New York City’s latest warning label for salt-laden chain restaurant food has faced a court battle as restaurateurs sued on Thursday, arguing that health regulators overstepped legal limits to act out the first-of-its-kind condition.
The suit by National Restaurant Association has come only two days after the rule became effective, that compelled chain eateries to place a salt-shaker icon on menu items that cross the standard daily limit of 2,300 milligrams of sodium. The group had promised to challenge the rule approved by the city Board of Health, sprinkling salt warnings on a number of dishes ranging from pizzas to burgers to salads.
A copy of the suit said that ironically, the regulation is going to baffle and deceive consumers into potentially going for less healthy food via the law’s spotty, inconsistent application and imprecise scientific distortions. The association filed the suit in a Manhattan court late Thursday, and wasn’t instantly accessible on electronic records.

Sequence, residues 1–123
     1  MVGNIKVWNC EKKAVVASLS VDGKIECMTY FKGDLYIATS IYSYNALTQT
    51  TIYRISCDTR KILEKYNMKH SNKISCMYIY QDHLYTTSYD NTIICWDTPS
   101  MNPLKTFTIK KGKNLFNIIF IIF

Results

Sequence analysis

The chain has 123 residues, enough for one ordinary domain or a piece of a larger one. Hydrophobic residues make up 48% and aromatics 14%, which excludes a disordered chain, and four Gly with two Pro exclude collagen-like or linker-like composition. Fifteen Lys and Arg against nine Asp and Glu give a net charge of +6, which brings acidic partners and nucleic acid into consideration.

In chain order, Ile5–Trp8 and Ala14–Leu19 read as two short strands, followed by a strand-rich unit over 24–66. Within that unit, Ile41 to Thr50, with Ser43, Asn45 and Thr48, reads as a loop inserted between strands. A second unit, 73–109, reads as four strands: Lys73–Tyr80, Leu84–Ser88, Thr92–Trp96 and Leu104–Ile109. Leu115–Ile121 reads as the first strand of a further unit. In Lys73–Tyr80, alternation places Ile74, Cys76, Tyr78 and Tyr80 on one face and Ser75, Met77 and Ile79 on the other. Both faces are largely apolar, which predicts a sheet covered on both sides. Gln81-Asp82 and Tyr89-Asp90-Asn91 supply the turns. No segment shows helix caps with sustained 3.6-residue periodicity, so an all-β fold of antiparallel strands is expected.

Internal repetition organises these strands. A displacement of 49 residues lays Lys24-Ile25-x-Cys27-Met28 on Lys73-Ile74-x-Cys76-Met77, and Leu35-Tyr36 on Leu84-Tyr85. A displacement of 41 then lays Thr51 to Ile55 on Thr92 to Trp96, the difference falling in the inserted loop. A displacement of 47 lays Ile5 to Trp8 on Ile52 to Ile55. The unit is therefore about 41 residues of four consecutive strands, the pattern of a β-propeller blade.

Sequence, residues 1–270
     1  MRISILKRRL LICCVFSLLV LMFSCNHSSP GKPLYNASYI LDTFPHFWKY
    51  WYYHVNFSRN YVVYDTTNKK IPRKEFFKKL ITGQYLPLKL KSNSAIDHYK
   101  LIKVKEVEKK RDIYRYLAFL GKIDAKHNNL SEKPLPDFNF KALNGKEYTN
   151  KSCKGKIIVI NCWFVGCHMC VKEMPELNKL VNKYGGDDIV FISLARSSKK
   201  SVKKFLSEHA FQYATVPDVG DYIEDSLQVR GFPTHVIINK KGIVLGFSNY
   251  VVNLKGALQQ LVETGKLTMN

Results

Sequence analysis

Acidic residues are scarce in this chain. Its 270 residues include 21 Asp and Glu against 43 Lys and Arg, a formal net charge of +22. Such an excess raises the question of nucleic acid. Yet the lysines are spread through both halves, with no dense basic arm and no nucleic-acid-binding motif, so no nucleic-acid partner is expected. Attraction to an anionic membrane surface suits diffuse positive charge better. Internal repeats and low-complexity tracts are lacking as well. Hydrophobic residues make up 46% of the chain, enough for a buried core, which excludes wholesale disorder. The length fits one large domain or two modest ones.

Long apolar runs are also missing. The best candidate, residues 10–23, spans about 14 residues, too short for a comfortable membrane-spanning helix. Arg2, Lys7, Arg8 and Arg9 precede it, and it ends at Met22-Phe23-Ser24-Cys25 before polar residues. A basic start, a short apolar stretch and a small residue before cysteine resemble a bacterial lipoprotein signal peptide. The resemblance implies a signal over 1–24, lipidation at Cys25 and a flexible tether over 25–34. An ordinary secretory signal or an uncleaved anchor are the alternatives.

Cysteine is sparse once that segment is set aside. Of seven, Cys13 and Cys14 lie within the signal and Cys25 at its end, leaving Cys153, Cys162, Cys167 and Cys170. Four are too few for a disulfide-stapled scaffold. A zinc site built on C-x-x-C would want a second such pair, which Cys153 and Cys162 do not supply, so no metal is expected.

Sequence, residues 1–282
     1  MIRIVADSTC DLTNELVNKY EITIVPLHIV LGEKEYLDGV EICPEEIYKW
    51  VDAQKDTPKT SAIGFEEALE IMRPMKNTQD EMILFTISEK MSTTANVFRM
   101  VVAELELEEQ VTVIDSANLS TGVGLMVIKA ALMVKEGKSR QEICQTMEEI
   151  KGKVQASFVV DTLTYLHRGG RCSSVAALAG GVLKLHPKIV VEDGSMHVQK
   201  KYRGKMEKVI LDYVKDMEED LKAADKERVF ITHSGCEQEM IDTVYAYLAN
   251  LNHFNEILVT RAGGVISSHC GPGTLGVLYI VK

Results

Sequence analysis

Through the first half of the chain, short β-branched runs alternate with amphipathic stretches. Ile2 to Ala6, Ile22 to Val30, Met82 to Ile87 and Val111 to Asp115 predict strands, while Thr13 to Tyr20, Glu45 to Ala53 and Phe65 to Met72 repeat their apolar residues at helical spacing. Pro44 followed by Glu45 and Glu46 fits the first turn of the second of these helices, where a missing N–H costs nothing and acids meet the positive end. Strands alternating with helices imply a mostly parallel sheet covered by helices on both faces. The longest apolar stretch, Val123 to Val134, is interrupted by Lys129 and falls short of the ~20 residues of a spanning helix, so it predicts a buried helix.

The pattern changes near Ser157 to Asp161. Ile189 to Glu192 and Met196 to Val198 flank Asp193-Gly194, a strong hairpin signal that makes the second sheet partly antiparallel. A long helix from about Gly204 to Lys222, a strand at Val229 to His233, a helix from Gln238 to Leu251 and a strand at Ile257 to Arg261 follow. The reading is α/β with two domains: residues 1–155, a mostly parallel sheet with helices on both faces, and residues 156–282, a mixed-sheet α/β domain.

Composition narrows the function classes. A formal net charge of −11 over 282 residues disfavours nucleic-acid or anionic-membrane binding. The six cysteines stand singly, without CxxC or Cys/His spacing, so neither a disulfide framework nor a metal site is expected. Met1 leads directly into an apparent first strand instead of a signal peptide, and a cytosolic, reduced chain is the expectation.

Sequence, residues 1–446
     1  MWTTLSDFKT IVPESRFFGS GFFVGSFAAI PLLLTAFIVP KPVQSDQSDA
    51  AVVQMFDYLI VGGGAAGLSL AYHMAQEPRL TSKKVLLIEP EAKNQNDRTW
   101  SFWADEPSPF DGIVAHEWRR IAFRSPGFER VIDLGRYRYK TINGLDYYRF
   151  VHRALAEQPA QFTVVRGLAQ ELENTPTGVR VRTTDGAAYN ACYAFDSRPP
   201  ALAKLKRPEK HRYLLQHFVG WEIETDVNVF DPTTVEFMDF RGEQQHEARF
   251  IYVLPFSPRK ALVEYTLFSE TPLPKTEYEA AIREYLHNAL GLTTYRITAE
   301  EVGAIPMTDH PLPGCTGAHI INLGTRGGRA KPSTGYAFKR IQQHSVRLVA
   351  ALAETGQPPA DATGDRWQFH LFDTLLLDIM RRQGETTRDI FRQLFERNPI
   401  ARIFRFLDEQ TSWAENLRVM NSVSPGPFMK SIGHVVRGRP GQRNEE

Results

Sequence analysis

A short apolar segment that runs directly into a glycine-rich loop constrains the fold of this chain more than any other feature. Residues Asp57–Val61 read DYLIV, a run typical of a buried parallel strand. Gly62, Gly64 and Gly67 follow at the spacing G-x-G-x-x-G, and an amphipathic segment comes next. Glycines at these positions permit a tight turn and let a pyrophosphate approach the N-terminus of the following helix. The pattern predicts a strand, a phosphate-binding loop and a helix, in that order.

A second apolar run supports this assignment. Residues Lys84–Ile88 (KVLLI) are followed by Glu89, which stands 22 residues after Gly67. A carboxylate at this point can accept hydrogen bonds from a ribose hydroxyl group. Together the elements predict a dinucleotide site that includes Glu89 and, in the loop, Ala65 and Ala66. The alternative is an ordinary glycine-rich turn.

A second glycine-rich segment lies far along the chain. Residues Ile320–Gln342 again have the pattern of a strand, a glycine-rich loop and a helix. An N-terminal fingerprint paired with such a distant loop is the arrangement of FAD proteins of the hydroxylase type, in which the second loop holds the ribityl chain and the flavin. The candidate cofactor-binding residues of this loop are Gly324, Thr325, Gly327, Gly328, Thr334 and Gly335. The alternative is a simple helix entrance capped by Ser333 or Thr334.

The association has said that the health board disobeyed its legal boundaries and is making water dirty as a time when federal regulators are working on menu labeling rules across the nation.
The suit has also branded the salt warning as ‘nonsensical’, in its appliance to just some food vendors and has argued that it has breached free speech rights of restaurateurs by making them post a warning they argued as based on ‘scientifically controversial opinion’.
The city Law Department has mentioned that it would go through the claims. However, it is confident that the Board of Health has the power to pass this rule.